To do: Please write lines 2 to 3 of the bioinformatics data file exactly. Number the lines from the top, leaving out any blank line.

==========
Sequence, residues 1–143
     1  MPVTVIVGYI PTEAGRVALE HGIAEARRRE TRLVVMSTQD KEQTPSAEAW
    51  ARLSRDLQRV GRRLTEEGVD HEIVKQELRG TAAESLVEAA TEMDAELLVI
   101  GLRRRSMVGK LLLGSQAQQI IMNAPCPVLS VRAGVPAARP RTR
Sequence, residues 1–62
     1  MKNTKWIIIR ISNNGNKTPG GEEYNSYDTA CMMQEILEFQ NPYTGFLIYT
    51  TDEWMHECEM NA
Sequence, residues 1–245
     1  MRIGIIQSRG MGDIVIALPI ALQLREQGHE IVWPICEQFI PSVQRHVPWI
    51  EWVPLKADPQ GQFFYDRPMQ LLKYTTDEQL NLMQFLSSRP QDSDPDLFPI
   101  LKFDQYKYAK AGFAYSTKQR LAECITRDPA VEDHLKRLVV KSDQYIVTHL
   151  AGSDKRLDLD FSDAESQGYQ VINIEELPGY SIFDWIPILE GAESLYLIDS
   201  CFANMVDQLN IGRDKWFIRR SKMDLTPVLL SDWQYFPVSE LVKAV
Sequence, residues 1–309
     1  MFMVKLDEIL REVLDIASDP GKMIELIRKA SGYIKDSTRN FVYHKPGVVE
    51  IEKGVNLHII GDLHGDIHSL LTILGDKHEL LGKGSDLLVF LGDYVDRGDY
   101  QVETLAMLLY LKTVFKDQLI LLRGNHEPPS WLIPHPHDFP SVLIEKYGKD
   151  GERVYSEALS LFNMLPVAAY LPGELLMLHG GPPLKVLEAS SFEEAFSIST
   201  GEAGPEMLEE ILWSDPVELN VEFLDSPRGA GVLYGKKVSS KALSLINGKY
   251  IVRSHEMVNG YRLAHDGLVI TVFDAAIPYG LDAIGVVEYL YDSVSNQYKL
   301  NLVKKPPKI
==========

     1  MPVTVIVGYI PTEAGRVALE HGIAEARRRE TRLVVMSTQD KEQTPSAEAW
    51  ARLSRDLQRV GRRLTEEGVD HEIVKQELRG TAAESLVEAA TEMDAELLVI